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Fashion’s Gender Pay Gap Isn’t Getting Any Smaller

Data published this week in the UK revealed a stubborn gap between what men and women earn at fashion brands and retailers, with Farfetch, Missguided, Karen Millen and Asos among the companies reporting large disparities favouring male employees.
Images: Shutterstock | Collage by BoF
  • Tamison O'Connor

LONDON, United Kingdom — Women in fashion still face a pay gap problem.

For the second year in a row, large UK businesses provided a snapshot of the difference between what they pay their male and female employees. And, much like in the first report, the numbers from the fashion industry told a familiar story: brands employ a disproportionate number of women, but pay them less — sometimes far less — than their male co-workers.

Among the biggest disparities: fast-fashion retailer Missguided reported a 46 percent median average gap favouring men, while Farfetch reported a 39.5 percent gap, Asos a 32.7 percent gap and MatchesFashion a 31 percent gap. The average UK company reported a 9.7 percent difference, unchanged from the previous year, according to BBC News.

The snapshot was taken in April 2018, roughly six months into the "#MeToo era," when ill-treatment of women in the workplace was thrust into the spotlight in the wake of assault allegations against Harvey Weinstein and other high-profile men. Though initially focused on sexual harassment and assault, activists have pressured companies to address other issues, from providing parental leave and childcare to promoting more women into management positions.

The most important thing that the gender pay gap reporting did was focus people and organisations on the need, in a way that resonated.

The UK requires companies with over 250 employees to report annually on the difference in the hourly wage earned by all men and women in the workplace, the proportion of men and women among the lowest and highest earners as well as the disparity in bonus pay. The data highlights the overall gap in pay, but not necessarily whether women and men are earning different salaries for doing the same job.

“The most important thing that the gender pay gap reporting did was focus people and organisations on the need, in a way that resonated,” said Maxine Benson, co-founder of Everywoman, an organisation championing the advancement of women in business.

In fashion, average pay reflects the roles men and women hold at many companies. Often large numbers of women are employed in sales positions at stores, often among the lowest-paid positions. For example, Karen Millen reported that men earned a median average of 53 percent more than women, though the company’s executive ranks are also dominated by women.

"Our gender pay gap ... paints a misleading picture about our commitment to gender diversity and equality at Karen Millen," chief executive Beth Butterwick said in a statement posted to the company's website. "Our pay gap is highly influenced by the salaries and gender make-up of the stylists who work in our stores. … However, we recognise we can do more to champion diversity at all levels of our business and ensure everyone can build and sustain a successful and rewarding career."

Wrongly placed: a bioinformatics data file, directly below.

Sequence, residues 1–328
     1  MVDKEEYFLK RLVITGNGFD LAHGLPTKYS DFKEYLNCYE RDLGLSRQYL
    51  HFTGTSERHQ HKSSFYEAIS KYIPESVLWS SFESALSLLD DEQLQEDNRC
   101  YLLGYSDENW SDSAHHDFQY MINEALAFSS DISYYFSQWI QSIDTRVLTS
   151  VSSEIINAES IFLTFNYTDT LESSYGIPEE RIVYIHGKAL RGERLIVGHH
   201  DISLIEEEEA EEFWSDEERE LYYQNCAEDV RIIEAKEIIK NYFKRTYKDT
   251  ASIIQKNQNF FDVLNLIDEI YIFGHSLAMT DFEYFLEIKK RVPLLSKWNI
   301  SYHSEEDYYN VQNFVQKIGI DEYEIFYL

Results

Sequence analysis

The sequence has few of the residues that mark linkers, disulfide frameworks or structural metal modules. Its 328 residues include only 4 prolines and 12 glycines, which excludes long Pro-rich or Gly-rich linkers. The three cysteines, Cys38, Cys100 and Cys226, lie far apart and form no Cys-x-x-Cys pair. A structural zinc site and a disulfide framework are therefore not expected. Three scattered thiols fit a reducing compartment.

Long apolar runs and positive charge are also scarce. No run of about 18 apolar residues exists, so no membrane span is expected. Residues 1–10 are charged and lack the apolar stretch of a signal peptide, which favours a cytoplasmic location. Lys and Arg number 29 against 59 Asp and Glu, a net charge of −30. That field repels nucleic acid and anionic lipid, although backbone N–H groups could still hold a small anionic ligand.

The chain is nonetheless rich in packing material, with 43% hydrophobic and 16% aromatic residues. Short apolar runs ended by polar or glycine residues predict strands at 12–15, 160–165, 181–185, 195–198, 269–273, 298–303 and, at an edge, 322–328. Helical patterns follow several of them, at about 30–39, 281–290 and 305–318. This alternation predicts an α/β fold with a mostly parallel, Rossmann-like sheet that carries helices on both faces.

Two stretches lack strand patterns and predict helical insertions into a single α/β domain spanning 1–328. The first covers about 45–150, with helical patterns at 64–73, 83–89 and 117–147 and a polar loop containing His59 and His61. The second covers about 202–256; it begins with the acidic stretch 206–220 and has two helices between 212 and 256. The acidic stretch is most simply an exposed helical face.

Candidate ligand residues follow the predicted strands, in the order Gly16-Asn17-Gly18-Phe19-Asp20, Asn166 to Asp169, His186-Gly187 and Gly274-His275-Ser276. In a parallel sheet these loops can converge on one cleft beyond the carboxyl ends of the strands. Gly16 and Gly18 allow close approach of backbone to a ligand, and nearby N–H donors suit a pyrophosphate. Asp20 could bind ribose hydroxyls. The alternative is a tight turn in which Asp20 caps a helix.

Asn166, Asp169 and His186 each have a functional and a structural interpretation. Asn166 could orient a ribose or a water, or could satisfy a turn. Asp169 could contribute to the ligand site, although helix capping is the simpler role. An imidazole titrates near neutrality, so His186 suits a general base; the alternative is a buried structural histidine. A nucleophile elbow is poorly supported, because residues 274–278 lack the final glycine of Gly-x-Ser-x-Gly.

More often, companies showed an overwhelmingly female workforce occupying the lowest rungs of the pay scale, and more men at the top. Missguided said this factor "largely drives our gender pay gap."

This is about long-term systemic change. You're not going to eliminate gender pay gaps overnight.

Tech-focused retailers face an already slender female hiring pool thanks to a lack of women following a tech career path. With that in mind, it’s not that surprising to see Missguided, Farfetch, Asos and MatchesFashion’s higher ranking positions. Indeed, Asos cites a lack of female tech talent as one of the reasons it's lagging behind its peers.

Flexible working hours that women with young children will often take advantage of will also affect statistics. Plus, reported earnings are only applicable to employees based in the UK. In today’s global world, often companies have a big employee base offshore, or an international headquarters.

A few fashion names saw their gender pay gaps shrink. New Look saw a woman’s earning jump from £0.79 to £0.86 for every £1 a man earned between 2017 and 2018. Similarly, female employees at Russell & Bromley went from earning £0.88 for every £1 a man earned in 2017 to £0.94 for every £1 a man earned in 2018.

For some brands, including Burberry, Mulberry, Selfridges and Topshop-owner Arcadia there was little to no fluctuation, with these companies reporting median pay gaps of 8.7 percent, 4.8 percent, 7.7 percent and 7.7 percent respectively, all in favour of men.

Primark, All Saints, Boohoo and Debenhams are among the retailers that have no median gender pay gap.

A few had gaps favouring women. At Paul Smith, a woman earned £1.13 for every £1 a man earned; at Harvey Nichols Group she took home £1.12 and at Harrods, she took home £1.02.

Despite a relative lack of movement, pay gap reporting shines a spotlight on the issue, and helps keep companies publicly accountable for gender pay disparities, Everywoman’s Benson said.

“It’s also important to remember that it is a long game,” she said. “This is about long-term systemic change. You’re not going to eliminate gender pay gaps overnight.”

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